The general maxim was: “Lost is all honour to him who does not render honour to woman.” [Indeed] everything in the education of boys tended to raise to the highest degree that reverence for women which had distinguished old Germany. That education softened and refined the manners of youth and made the mind generous and the person graceful, by requiring a constant and, at the same time, a willing and cheerful obedience. [Even] Tacitus says that the Germans thought there was something holy in women, and that they never despised their counsels or neglected their answers. How remarkably was this spirit shown by St. Louis when the sultan enquired what money he would give for his ransom, and he answered: “It is for the sultan to explain himself. If his proposals are reasonable I will make the Queen acquainted with the terms enjoined.” The infidels were lost in astonishment at such respect for a woman. “It is,” replied the king, “because she is my lady and my companion.”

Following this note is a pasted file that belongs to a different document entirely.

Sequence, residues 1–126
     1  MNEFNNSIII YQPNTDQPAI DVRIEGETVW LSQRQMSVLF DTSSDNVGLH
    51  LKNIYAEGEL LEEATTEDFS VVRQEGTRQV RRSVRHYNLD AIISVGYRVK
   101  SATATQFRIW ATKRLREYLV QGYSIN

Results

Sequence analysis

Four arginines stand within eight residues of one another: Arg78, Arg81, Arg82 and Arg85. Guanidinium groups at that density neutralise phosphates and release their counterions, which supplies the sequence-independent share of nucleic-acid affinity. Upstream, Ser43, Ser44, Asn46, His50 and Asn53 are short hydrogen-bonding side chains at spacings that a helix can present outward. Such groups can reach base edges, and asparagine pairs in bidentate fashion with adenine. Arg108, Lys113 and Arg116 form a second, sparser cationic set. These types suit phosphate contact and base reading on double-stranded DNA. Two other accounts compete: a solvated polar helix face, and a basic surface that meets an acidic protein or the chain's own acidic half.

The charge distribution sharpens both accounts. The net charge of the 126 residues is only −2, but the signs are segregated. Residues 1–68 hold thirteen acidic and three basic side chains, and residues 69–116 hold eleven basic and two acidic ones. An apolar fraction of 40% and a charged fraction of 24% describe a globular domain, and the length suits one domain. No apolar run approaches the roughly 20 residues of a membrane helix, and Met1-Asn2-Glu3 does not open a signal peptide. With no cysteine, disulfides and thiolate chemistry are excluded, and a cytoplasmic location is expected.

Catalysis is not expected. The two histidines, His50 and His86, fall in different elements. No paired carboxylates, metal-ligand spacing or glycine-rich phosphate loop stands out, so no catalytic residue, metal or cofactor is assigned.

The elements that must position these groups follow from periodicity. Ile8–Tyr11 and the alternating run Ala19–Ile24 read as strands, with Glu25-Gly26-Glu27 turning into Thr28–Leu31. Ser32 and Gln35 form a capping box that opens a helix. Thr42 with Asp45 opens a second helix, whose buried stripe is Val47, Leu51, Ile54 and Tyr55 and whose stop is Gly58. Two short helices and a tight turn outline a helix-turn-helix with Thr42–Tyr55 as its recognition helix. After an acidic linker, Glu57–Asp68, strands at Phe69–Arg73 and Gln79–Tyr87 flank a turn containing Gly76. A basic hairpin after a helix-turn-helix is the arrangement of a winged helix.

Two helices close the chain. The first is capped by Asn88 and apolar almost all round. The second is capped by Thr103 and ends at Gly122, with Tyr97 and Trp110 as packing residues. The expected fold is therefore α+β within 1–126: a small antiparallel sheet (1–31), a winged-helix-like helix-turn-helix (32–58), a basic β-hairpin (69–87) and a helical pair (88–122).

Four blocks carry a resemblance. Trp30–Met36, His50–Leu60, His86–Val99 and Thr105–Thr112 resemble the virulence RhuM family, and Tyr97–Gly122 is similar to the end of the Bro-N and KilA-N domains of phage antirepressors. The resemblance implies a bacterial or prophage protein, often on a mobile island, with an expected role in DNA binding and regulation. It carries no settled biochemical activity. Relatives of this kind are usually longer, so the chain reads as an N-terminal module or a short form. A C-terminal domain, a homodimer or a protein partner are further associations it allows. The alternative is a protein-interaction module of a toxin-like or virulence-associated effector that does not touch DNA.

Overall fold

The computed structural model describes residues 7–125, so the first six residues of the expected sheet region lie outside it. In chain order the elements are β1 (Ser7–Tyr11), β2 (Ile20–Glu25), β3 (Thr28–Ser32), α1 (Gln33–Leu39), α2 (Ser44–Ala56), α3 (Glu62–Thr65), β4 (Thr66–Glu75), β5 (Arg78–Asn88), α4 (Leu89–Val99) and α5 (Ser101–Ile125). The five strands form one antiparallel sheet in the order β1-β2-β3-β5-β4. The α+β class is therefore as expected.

Such sentiment was perhaps the height of folly. Or of wisdom. Either way, it was central to Christendom. And it will ever be at the heart of chivalry.